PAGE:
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Pipeline Company Can Use Eminent Domain to Claim State Land

June 29, 2021 by Dan McCue
Looking up at the entrance of the U.S. Supreme Court building. (Photo by Dan McCue)

WASHINGTON — The Supreme Court ruled Tuesday a company building a natural gas pipeline in New Jersey can continue to rely on eminent domain to claim state land in its path.

The 5-4 ruling by the court included both liberal and conservative members of the court in the majority.

But it drew a quick rebuke from a prominent Democrat in Congress who said he was “deeply disturbed” and “disappointed” by the outcome.

“The Supreme Court’s decision … sets the dangerous precedent of allowing interstate pipelines to take state-owned lands without a state’s consent,” Said Rep. Frank Pallone, Jr., chairman of the House Energy and Commerce Committee.

“States like New Jersey should be able to retain their right to do what they wish with the lands they own, and no private actor — including pipeline companies — should be able to usurp that right,” Pallone added. “I am determined to work with my colleagues to do everything in our power to preserve this important state right.”

The case involves a planned 116-mile pipeline that the PennEast Pipeline Co. wants to run from Pennsylvania’s Luzerne County to Mercer County in New Jersey.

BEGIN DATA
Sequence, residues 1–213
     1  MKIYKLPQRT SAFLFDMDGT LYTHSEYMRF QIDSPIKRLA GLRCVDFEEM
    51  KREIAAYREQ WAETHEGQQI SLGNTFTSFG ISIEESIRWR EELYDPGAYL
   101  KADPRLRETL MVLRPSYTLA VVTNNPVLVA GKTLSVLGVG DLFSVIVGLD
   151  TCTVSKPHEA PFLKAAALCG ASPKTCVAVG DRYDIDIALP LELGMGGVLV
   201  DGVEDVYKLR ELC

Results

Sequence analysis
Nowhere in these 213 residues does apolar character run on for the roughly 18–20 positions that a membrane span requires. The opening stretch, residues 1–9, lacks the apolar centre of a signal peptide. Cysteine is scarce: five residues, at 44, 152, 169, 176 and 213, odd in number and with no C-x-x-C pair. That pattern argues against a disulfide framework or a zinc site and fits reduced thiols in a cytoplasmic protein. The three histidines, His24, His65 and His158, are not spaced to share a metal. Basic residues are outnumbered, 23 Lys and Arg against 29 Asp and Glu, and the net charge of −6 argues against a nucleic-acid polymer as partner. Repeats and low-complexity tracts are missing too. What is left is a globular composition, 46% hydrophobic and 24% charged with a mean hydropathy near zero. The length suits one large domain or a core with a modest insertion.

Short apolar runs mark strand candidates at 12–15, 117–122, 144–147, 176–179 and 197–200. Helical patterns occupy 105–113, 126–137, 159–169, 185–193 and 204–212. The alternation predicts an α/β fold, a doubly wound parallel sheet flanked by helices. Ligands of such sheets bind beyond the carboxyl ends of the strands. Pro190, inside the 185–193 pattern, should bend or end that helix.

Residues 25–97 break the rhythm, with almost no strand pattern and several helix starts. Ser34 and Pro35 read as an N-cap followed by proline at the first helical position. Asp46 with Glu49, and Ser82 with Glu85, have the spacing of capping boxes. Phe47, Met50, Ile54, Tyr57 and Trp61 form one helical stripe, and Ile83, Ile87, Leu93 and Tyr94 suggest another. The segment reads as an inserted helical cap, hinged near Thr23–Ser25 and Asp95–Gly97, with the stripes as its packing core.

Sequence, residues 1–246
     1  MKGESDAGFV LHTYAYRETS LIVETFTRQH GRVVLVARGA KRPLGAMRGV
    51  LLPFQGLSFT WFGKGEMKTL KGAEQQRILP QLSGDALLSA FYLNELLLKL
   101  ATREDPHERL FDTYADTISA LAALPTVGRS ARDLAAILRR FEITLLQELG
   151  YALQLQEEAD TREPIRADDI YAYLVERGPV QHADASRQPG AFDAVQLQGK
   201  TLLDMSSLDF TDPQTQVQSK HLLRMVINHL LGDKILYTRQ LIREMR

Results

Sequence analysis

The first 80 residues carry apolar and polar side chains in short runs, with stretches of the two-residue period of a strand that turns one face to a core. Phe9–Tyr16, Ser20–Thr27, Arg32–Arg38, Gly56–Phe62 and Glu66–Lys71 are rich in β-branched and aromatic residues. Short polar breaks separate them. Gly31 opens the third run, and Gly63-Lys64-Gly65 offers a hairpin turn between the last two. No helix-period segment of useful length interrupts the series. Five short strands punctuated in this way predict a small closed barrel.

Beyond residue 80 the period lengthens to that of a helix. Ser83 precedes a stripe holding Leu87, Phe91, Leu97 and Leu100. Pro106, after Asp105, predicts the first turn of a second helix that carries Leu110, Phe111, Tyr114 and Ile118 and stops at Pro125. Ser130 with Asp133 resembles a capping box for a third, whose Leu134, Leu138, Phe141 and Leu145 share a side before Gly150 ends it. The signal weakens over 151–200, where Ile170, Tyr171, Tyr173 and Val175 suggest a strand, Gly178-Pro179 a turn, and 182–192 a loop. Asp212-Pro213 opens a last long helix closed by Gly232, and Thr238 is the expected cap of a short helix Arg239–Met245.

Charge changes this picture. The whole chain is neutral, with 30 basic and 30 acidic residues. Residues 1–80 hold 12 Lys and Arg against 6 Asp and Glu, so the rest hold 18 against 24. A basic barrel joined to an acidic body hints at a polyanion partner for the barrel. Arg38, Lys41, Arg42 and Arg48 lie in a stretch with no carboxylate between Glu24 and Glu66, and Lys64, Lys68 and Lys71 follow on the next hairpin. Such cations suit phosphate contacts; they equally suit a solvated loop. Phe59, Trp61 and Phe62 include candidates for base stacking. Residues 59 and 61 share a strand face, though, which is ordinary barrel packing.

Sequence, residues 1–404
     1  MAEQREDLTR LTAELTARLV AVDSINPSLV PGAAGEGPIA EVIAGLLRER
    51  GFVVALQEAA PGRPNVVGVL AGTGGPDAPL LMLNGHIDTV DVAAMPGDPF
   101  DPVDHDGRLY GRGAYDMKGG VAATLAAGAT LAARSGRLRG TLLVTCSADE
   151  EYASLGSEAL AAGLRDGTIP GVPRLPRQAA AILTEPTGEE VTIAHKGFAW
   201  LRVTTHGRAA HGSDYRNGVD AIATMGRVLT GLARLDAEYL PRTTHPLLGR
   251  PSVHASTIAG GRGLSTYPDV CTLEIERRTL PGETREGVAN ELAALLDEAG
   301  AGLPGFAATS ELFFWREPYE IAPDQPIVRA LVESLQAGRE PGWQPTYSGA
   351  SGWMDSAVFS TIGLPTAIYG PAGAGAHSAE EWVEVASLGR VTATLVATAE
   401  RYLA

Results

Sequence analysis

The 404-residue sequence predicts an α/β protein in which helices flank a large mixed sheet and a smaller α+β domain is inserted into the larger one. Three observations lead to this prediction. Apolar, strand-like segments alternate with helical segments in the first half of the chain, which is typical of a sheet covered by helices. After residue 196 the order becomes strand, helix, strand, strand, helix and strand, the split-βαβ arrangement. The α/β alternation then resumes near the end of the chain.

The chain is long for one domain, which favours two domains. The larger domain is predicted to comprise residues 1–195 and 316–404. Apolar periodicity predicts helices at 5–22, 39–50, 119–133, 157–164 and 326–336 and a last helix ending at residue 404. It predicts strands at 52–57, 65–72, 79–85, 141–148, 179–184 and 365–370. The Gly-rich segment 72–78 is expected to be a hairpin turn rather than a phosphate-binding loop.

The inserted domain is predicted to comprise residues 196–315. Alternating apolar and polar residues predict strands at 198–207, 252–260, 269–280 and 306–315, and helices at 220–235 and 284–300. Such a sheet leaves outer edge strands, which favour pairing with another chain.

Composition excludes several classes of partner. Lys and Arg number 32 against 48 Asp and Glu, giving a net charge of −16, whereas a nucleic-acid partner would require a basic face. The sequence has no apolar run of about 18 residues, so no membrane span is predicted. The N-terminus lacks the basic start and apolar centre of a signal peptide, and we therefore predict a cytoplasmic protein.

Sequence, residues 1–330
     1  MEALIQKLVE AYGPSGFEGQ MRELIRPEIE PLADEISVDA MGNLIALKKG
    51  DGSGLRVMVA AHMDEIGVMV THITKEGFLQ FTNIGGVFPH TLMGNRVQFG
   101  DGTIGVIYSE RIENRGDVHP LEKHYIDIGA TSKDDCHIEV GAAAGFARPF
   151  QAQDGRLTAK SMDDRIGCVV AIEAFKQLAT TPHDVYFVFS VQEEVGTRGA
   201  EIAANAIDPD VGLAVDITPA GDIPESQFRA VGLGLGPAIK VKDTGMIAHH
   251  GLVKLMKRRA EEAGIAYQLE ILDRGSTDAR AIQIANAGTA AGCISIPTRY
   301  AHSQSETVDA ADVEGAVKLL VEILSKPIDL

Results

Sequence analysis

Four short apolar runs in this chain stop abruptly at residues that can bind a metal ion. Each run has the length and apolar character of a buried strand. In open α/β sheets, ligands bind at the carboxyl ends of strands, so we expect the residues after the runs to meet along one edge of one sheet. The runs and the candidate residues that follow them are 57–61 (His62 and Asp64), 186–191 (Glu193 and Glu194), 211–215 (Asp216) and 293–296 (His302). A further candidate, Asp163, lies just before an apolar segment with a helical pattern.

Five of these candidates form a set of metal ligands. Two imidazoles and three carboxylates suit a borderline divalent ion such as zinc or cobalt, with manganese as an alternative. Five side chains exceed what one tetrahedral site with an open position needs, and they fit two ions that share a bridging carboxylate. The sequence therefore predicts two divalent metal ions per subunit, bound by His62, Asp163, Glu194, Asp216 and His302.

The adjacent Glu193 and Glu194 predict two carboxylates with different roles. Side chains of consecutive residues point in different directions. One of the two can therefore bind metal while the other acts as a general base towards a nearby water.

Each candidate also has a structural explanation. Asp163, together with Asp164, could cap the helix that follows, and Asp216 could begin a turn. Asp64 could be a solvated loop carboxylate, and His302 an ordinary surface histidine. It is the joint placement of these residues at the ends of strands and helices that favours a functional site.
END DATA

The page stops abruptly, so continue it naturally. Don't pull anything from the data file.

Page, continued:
The Federal Energy Regulatory Commission had allowed the company’s project to move forward in 2018 by granting PennEast a so-called certificate of public convenience and necessity, but lawsuits followed.

The company ultimately took New Jersey to court to acquire state-controlled land for its project. 

PennEast argued the commission’s greenlighting of its project allowed it to take New Jersey to court and to use eminent domain to acquire state-controlled properties. 

New Jersey, which opposes the pipeline project, had argued that PennEast couldn’t take the state to court to acquire the property — only the United States government can. 

But Chief Justice John Roberts, writing for the majority, disagreed.

Roberts said that when FERC issues a certificate of public convenience and necessity, federal law authorizes the certificate’s holder “to condemn all necessary rights-of-way, whether owned by private parties or states.”

Roberts was joined by conservative justices Samuel Alito and Brett Kavanaugh and liberal justices Stephen Breyer and Sonia Sotomayor.

Despite today’s ruling, a separate challenge to the pipeline is pending in a federal appeals court in Washington.

The case is PennEast Pipeline Co. v. New Jersey, 19-1039.

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